Expanding your Business? Tips for marketing in South Korea
Is your business doing well enough that you’re thinking of expanding abroad? What are you waiting for? Although the UK is the world’s sixth largest economy, it’s only the 11th biggest exporter, which means that marketers aren’t making the most of taking their brands overseas. Don’t limit yourself to only doing business with BRIC countries (Brazil, Russia, India, and China), there are many emerging markets out there with a demand for European and international brands, like South Korea. Whether you’re launching overseas, or exporting your goods, it pays to have a targeted export strategy.
Optimize your brand proposition
This is an important one for expanding overseas. Just changing the language on your website isn’t enough anymore; instead of translating your English keywords into Korean, find native speakers who can provide you with culturally relevant keywords that appeal to your target demographic. Any pictures you use might also need a cultural overhaul. For example: if you’re using a model wearing a top that displays cleavage you may want to reconsider; cleavage is considered a bit risqué, but never will you see such a display of legs, so perhaps shorten the model’s skirt for a more relevant look. Additionally, often overlooked web design options like color usage and symbolism can influence the way your brand is perceived.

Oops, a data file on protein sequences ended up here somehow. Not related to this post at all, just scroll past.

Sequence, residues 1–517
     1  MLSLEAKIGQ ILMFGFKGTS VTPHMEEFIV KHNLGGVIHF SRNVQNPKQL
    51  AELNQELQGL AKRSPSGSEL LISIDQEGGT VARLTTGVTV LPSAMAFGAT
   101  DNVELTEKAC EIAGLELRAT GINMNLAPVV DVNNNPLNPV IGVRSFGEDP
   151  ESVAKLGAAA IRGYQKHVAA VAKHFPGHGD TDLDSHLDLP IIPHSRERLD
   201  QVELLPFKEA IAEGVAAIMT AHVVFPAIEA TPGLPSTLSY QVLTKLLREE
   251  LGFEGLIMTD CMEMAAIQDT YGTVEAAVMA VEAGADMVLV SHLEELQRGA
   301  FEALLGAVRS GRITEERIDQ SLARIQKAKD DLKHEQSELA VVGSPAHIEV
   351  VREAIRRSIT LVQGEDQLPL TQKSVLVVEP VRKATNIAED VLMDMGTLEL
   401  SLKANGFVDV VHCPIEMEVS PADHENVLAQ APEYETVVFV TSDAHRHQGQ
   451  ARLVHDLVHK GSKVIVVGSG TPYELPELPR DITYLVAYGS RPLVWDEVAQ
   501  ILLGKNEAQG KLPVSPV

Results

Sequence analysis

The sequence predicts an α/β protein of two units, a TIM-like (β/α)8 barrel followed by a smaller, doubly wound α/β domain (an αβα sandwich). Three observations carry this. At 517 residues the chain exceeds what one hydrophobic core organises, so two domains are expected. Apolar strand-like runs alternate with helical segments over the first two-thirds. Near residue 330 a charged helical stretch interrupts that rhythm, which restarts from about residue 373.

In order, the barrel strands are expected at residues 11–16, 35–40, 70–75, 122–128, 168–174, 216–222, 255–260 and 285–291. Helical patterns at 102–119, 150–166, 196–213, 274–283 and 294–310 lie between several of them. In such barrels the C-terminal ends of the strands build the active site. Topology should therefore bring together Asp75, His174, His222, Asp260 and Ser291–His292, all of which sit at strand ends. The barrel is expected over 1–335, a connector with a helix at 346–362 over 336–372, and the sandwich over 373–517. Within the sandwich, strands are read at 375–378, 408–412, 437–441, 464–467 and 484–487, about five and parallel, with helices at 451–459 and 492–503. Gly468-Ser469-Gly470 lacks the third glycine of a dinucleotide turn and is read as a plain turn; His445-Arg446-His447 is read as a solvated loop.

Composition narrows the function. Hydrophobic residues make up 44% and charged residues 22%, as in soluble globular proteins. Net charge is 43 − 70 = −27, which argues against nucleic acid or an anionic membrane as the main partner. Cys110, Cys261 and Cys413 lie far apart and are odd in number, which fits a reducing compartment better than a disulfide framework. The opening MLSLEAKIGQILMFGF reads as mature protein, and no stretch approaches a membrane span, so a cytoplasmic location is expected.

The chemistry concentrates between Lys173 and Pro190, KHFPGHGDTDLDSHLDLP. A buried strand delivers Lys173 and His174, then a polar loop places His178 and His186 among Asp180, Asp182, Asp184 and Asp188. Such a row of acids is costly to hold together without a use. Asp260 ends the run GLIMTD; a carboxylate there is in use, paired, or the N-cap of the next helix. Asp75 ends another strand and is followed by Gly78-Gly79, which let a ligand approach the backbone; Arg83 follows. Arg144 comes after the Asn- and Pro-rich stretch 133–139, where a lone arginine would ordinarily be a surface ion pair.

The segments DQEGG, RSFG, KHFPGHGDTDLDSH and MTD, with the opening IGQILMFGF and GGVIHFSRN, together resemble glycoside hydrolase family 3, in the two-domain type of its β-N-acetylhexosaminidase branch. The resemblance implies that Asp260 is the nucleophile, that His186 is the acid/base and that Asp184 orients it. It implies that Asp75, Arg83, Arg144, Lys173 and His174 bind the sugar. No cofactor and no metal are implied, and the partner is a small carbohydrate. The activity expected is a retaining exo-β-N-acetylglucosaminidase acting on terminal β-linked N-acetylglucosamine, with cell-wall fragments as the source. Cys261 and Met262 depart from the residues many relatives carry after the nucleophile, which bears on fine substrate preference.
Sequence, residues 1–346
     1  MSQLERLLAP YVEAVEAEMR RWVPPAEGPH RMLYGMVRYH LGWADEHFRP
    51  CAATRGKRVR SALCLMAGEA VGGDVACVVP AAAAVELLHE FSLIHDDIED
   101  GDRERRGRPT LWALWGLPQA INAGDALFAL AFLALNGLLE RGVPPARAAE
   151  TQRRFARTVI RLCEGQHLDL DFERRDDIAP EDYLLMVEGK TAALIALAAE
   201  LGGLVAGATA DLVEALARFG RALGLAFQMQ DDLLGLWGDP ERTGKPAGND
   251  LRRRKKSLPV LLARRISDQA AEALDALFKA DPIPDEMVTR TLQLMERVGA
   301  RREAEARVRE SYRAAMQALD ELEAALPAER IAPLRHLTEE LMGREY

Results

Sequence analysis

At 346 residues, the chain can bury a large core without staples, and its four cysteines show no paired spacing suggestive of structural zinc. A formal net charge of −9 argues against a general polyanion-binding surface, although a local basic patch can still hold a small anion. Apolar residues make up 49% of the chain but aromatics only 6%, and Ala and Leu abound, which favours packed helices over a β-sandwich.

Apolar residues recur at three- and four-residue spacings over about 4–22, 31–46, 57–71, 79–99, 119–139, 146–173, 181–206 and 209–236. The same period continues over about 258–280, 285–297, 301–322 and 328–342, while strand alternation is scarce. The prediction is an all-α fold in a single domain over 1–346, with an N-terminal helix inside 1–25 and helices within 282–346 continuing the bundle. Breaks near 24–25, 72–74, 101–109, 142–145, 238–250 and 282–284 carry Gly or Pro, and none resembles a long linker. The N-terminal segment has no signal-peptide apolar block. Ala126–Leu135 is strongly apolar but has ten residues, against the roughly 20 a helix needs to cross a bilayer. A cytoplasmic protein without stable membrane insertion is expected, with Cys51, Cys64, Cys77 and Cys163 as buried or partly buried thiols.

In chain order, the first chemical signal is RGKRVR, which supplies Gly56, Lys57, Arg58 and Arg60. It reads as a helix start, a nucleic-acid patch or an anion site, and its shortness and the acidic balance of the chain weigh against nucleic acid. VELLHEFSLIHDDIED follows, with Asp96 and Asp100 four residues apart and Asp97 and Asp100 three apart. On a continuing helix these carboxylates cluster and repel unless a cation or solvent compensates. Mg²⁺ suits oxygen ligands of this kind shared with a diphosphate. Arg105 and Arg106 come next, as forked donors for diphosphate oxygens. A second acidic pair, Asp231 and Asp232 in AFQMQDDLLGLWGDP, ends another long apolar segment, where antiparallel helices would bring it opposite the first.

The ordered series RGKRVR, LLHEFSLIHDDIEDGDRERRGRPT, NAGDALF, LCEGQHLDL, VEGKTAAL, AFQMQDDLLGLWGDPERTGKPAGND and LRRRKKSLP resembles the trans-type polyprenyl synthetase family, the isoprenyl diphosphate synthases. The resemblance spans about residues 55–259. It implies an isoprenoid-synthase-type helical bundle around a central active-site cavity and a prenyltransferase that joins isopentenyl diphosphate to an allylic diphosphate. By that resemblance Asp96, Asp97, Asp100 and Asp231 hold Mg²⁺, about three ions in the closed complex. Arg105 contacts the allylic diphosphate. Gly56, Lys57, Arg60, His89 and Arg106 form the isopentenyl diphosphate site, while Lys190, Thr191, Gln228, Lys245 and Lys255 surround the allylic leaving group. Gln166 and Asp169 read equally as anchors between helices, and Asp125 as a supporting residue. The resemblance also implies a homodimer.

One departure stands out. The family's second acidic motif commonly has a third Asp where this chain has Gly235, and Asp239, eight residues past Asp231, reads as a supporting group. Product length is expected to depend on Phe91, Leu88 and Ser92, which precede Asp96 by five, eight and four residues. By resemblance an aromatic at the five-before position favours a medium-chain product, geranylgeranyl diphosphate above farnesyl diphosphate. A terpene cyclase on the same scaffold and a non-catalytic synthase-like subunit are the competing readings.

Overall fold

Customize your product offering
Optimizing your product for the South Korean market is also important. Imagine your product is salad dressing. While you have done well selling 473ml bottles—that’s the size in my refrigerator right now—if you’re planning to sell in South Korea you may want to scale down. Not only are South Korean kitchens usually too small to store western-style jumbo sizes, the local eating habits are also typically different from their overseas counterparts. Cross-cultural competency is very important when expanding your business; take the time to get to know your consumer.
Leverage your brand’s heritage
British products, especially those made in the country, can be very attractive to foreign consumers. Sometimes it isn’t a matter of buying your product; instead, the consumer is buying your story. Who made it? Where did the ingredients and components come from? Tell the story of your product and how the people behind it worked to bring it to fruition. Link your story to anything that may emphasize it’s desirability to your demographic. Are you selling luxury goods? Then play up aspects of the product or brand that reflect the longstanding elegance and regality associated with the UK.
If you’re planning to grow your business internationally you may want to start learning the culture and language of the country to which you’re exporting. I can’t help with the former, but the first step to the latter is contacting us about language courses. Or, if you already speak a little Korean, check your competency with our language level test. Here’s your first lesson: 확대 행운. It means “good luck expanding”.